By Guest Indiana
By Guest Nicole
Coca Cola’s logo by Fabio Pantoja
By Guest Nicole
Coffee is far from a vice.
There's now lots of evidence pointing to its health benefits, including a possible longevity boost for those of us with a daily coffee habit.
The latest findings come from a study published Monday in JAMA Internal Medicine that included about a half-million people in England, Scotland and Wales. Participants ranged in age from 38 to 73.
"We found that people who drank two to three cups per day had about a 12 percent lower risk of death compared to non-coffee drinkers" during the decade-long study, says Erikka Loftfield, a research fellow at the National Cancer Institute.
This was true among all coffee drinkers — even those who were determined to be slow metabolizers of caffeine. (These are people who tend to be more sensitive to the effects of caffeine.) And the association held up among drinkers of decaffeinated coffee, too.
Read more: https://www.npr.org/sections/thesalt/2018/07/02/625128383/coffee-drinkers-are-more-likely-to-live-longer-decaf-may-do-the-trick-too
via .ORGWorld News
By Queen Esther
Jesus TurnsÂ WaterÂ intoÂ Wine....
Jesus performs a miraculous act of service in one of the first recorded events of His ministry. John 2: 1-12 1 And the third day there was a marriage in Cana of Galilee; and the mother of Jesus was there: 2 And both Jesus was called, and his disciples, to the marriage. 3 And when they wanted wine, the mother of Jesus saith unto him, They have no wine. 4 Jesus saith unto her, Woman , what have I to do with thee? mine hour is not yet come. 5 His mother saith unto the servants, Whatsoever he saith unto you, do it. 6 And there were set there six waterpots of stone, after the manner of the purifying of the Jews, containing two or three firkins apiece. 7 Jesus saith unto them, Fill the waterpots with water. And they filled them up to the brim. 8 And he saith unto them, Draw out now, and bear unto the governor of the feast. And they bare it. 9 When the ruler of the feast had tasted the water that was made wine, and knew not whence it was: (but the servants which drew the water knew;) the governor of the feast called the bridegroom, 10 And saith unto him, Every man at the beginning doth set forth good wine; and when men have well drunk, then that which is worse: but thou hast kept the good wine until now. 11 This beginning of miracles did Jesus in Cana of Galilee, and manifested forth his glory; and his disciples believed on him. 12 After this he went down to Capernaum, he, and his mother, and his brethren , and his disciples: and they continued there not many days.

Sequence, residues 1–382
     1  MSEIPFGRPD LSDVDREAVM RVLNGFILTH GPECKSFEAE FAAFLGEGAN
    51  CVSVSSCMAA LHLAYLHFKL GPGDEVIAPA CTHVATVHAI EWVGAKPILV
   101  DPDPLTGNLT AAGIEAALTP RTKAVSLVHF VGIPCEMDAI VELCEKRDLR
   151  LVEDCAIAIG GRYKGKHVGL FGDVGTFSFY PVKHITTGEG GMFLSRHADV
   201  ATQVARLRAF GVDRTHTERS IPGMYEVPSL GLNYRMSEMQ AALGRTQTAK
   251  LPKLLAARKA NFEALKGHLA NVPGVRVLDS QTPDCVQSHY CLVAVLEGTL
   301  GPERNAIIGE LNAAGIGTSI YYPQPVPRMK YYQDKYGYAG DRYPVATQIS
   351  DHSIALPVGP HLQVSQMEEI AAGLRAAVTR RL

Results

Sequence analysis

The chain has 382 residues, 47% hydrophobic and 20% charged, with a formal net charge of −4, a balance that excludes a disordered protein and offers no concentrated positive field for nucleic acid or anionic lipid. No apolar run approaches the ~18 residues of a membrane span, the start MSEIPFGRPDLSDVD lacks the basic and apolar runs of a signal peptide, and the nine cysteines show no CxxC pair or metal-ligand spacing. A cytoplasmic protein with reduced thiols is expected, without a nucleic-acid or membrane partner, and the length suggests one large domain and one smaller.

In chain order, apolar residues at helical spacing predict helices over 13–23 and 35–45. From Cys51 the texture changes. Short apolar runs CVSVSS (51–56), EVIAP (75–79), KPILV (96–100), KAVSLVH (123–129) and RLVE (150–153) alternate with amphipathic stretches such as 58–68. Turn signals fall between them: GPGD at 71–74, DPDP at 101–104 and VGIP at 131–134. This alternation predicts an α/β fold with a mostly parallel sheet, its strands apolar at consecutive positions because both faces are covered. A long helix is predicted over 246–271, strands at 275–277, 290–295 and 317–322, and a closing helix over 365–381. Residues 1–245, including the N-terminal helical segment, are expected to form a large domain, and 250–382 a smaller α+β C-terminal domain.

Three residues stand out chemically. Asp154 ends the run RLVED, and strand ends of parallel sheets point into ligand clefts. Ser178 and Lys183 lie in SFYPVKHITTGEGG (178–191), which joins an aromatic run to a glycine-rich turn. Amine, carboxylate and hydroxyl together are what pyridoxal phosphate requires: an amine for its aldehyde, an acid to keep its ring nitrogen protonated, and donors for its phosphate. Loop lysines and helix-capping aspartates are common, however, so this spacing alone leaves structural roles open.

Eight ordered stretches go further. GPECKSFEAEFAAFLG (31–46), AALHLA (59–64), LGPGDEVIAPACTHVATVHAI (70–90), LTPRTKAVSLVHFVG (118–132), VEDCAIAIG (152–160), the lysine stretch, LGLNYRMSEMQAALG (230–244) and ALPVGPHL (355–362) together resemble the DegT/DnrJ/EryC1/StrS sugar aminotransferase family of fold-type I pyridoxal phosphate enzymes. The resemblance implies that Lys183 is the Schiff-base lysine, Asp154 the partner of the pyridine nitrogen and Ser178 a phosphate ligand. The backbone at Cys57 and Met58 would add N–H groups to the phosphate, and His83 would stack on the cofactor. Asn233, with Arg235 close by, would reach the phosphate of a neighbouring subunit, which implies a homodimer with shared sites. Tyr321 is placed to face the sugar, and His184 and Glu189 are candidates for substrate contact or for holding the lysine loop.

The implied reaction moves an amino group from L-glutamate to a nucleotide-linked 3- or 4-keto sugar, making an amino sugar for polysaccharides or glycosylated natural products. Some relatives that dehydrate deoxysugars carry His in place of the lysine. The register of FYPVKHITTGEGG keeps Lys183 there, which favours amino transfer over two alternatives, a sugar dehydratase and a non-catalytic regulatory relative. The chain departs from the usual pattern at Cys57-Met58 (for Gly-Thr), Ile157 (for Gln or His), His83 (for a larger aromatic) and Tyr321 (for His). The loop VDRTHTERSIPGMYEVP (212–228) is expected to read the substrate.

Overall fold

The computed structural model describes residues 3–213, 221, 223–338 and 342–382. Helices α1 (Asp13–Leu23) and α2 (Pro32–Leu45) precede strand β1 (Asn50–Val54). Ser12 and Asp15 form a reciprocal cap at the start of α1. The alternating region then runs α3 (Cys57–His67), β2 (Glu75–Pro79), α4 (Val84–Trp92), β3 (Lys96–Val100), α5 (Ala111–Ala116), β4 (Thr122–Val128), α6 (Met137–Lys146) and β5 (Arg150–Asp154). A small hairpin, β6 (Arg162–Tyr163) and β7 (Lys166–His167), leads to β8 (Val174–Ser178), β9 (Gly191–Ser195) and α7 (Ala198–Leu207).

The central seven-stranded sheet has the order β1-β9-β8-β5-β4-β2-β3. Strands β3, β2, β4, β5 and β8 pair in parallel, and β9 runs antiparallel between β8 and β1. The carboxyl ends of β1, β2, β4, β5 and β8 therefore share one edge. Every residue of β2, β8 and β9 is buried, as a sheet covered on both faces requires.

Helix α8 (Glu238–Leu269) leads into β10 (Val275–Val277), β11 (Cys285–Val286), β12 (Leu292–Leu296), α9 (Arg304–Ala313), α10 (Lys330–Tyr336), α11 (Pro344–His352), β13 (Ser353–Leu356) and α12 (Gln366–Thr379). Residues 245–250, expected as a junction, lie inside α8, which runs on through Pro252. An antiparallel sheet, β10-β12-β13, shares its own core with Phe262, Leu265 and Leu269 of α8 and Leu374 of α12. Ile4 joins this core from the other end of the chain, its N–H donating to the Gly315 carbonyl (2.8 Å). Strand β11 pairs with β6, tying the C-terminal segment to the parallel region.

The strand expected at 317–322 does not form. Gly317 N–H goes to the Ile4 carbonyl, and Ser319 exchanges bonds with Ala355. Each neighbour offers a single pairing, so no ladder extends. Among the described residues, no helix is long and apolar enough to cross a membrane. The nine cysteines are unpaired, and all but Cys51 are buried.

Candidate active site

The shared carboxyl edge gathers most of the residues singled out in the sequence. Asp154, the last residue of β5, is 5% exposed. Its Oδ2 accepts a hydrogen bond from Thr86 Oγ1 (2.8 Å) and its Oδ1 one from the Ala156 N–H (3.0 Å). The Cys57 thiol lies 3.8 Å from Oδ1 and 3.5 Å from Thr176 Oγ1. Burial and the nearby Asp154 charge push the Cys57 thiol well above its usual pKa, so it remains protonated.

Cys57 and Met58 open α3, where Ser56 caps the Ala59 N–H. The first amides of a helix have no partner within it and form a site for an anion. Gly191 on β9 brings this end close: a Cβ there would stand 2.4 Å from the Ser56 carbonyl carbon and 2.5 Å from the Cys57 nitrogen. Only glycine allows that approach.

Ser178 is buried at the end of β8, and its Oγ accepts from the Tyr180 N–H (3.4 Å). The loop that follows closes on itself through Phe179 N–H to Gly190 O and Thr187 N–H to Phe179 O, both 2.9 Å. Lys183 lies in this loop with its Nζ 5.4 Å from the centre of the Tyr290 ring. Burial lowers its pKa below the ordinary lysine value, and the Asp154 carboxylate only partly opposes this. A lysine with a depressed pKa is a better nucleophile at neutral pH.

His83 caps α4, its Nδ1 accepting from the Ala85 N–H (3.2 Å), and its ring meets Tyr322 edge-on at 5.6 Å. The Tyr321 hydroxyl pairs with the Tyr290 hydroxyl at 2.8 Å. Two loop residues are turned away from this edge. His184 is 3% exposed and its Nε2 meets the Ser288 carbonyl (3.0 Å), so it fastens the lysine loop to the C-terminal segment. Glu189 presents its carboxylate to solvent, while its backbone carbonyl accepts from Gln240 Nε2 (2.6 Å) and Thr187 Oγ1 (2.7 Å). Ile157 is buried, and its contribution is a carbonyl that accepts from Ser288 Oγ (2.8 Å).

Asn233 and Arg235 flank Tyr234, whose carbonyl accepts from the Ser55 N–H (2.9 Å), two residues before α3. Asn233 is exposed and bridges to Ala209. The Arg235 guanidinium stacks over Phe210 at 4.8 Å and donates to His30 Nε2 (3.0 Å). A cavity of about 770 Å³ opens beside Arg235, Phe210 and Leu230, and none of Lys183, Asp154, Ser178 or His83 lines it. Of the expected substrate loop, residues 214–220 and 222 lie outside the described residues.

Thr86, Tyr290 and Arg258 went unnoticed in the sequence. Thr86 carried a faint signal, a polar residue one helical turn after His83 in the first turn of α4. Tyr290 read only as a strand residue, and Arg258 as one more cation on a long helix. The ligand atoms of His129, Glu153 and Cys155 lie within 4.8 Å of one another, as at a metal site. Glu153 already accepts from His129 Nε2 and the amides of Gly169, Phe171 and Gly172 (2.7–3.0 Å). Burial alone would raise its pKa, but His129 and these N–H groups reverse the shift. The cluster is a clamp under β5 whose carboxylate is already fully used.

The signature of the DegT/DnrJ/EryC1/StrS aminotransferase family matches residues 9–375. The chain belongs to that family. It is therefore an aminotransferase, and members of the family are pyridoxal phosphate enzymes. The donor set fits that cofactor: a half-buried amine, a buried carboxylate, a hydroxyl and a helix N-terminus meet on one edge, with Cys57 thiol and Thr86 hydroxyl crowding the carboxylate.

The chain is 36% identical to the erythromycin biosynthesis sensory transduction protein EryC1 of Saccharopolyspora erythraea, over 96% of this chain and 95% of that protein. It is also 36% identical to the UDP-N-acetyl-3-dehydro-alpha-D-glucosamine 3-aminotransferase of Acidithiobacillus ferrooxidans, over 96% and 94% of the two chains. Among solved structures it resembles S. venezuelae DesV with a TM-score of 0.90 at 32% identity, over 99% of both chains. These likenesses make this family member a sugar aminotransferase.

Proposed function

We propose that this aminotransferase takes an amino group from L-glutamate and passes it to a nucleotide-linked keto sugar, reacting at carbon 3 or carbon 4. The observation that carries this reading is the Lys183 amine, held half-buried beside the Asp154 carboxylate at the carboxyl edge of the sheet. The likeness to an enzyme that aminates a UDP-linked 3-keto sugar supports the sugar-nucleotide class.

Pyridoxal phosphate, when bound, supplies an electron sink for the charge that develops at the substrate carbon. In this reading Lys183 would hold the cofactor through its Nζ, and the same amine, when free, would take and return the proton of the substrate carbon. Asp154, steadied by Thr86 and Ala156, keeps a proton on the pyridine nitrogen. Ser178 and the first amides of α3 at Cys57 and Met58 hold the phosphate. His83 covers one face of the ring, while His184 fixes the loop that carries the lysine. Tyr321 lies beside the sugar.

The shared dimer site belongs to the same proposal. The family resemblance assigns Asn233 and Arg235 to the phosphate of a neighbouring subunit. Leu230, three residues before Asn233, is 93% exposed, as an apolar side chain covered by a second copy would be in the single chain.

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By Guest Nicole
Today, Nestlé announced that it hasÂ boughtÂ a 68 percent stake in third-wave cafÃ© and roasterÂ Blue Bottle. The purchase, reported by theÂ Financial TimesÂ to be $500 million, values the company in excess of $700 million. Blue Bottle has followed fellow gourmet-coffee makersÂ Stumptown and Intelligentsia, which are owned by JAB Holding Company, and La Colombe, in whichÂ ChobaniÂ’s founder is a major investor, respectively.
ItÂ’s a surprising development for the independent company. Founder James Freeman hasÂ stressed slow growth, and cares so much about quality that heÂ stoppedÂ selling Blue Bottle coffee beans wholesale to other businesses. NestlÃ©, on the other hand, is an international food conglomerate and this countryÂ’s top seller of instant coffee.
Read more:Â http://www.grubstreet.com/2017/09/nestle-buys-stake-in-blue-bottle.html
By Guest Nicole
Although many of us routinely indulge in a glass (or two or three) of wine at the end of the day, a new study suggests that our glass-a-day habit might not be healthy: Having a glass of wine (or another alcoholic drink) each day has been found to increase a person’s breast cancer risk. But luckily, it appears vigorous exercise may help counteract that risk.
As the Washington Post reports, a new review from the American Institute for Cancer Research and the World Cancer Research Fund analyzed 119 studies that used data from 12 million women worldwide. While a standard drink has 14 grams of alcohol, the study found that just 10 grams of alcohol per day – which is the equivalent of one small glass of wine, beer or other alcohol – is linked to a heightened breast cancer risk of 5 percent for pre-menopausal women and 9 percent for post-menopausal women.
Read more: http://nymag.com/thecut/2017/05/wine-alcohol-breast-cancer-risk-study.html
By Guest Nicole
Both sugary, diet drinks correlated with accelerated brain aging
April 20, 2017
Excess sugar -- especially the fructose in sugary drinks -- might damage your brain, new research suggests. Researchers found that people who drink sugary beverages frequently are more likely to have poorer memory, smaller overall brain volume, and a significantly smaller hippocampus. A follow-up study found that people who drank diet soda daily were almost three times as likely to develop stroke and dementia when compared to those who did not.
By Guest Nicole
At Locol, a fast-food chain in California, a cup of premium coffee costs just $1, or $1.50 with milk and sugar.
LOS ANGELES — The $1 cup of coffee is divisive, as drinks go.
For some, it’s a staple of the American morning: a comforting routine, a good deal. Anything that costs more than $1 is needlessly expensive, a waste of money — the coffee from a deli, diner or doughnut cart is all you need to start the day. For others, the $1 cup is suspiciously cheap. Maybe it tastes bad, or its production does harm to the land and is unfair to laborers. If you have to pay more, then that is probably a reflection of a drink’s true cost.